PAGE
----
Search Images Maps Play YouTube News Gmail Drive More »
Sign in
Screen reader users: click this link for accessible mode. Accessible mode has the same essential features but works better with your reader.

Patents

  1. Advanced Patent Search
Publication numberUS8214828 B2
Publication typeGrant
Application numberUS 11/479,228
Publication dateJul 3, 2012
Filing dateJun 30, 2006
Priority dateJun 30, 2006
Also published asUS20080005488
Publication number11479228, 479228, US 8214828 B2, US 8214828B2, US-B2-8214828, US8214828 B2, US8214828B2
InventorsDouglas A. Watkins, Idan Avraham
Original AssigneeMicrosoft Corporation
Export CitationBiBTeX, EndNote, RefMan
External Links: USPTO, USPTO Assignment, Espacenet
Module state management in a virtual machine environment
US 8214828 B2
Abstract
A method for managing software modules of at least two operating systems sharing physical resources of a computing environment, but running in different partitions separated by a virtualization boundary comprises accumulating module information in a virtualization subsystem that directs the creation and management of the partitions. The accumulated module information is used across the virtualization boundary to manage the use of the software modules. Also, a method for managing software modules comprises making at least two operating systems aware that they are being hosted in a virtualized computing environment.
Images(10)
Previous page
Next page
Claims(20)
1. A method for managing software modules in a computing environment, wherein the computing environment comprises a first partition and a second partition, and wherein a first operating system runs on the first partition and a second operating system runs on the second partition, the method comprising:
accumulating module information in a virtualization subsystem that directs the creation and management of the partitions;
receiving, from the first operating system at the virtualization subsystem, a request to load a module;
determining, based on the accumulated module information, that the module is running on the second operating system, wherein components of the module have been loaded into a system physical address space, and wherein a guest physical address space of the second operating system maps the components of the module to the system physical address space;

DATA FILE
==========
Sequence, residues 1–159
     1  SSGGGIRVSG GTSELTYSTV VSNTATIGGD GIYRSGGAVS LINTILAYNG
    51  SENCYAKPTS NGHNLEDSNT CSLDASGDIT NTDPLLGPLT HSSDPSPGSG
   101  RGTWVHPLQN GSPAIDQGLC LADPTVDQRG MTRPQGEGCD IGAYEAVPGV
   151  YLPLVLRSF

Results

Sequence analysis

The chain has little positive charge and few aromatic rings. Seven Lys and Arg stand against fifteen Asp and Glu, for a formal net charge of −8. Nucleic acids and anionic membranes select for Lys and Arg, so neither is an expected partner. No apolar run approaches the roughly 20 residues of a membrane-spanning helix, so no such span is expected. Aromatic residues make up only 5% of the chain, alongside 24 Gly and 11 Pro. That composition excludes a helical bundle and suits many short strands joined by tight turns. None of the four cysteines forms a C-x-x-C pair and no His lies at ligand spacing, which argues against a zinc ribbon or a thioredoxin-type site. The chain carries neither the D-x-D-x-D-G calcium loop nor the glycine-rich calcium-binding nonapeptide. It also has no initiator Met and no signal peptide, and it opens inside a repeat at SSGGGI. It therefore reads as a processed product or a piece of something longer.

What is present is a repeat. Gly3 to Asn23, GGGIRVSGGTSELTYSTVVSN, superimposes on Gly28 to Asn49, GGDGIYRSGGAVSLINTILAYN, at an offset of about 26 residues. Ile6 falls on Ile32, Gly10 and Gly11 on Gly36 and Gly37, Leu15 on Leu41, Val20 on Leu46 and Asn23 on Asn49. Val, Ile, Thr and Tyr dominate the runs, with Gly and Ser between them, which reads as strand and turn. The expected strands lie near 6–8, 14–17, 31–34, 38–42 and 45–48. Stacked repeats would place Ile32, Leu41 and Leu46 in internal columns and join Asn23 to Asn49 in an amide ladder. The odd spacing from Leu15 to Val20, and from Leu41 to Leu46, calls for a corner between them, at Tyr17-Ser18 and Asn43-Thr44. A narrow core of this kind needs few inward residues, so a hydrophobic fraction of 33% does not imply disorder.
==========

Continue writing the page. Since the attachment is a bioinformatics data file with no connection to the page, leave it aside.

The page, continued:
loading the module in the first operating system using the components of the module loaded into the system physical address space, wherein a guest physical address space of the first operating system maps the components of the module to the system physical address space;
uniformly loading behavioral or security updates to the modules in the first and second partitions; and
optimizing content-based page sharing between the first and second partitions based on the module information.
2. The method of claim 1, the optimizing content-based page sharing comprising estimating portions of the guest physical address space that are likely to have identical contents.
3. The method of claim 2, the optimizing content-based page sharing further comprising scanning the estimated portions of the guest physical address space before scanning other portions of the guest physical address space.
4. The method of claim 1, further comprising:
determining a portion of the guest physical address space to be replaced based on the module information.
5. The method of claim 1, the uniformly loading behavioral or security updates comprising:
determining whether an updated version of the modules in the first and second partitions is available; and
mapping the updated version of the modules in the first and second partitions.
6. A computer readable storage medium having instructions thereon for managing software modules in a computing environment, wherein the computing environment comprises a first partition and a second partition, and wherein a first operating system runs on the first partition and a second operating system runs on the second partition, the instructions comprising instructions to:
accumulate module information in a virtualization subsystem that directs the creation and management of the partitions;
receive, from the first operating system at the virtualization subsystem, a request to load a module;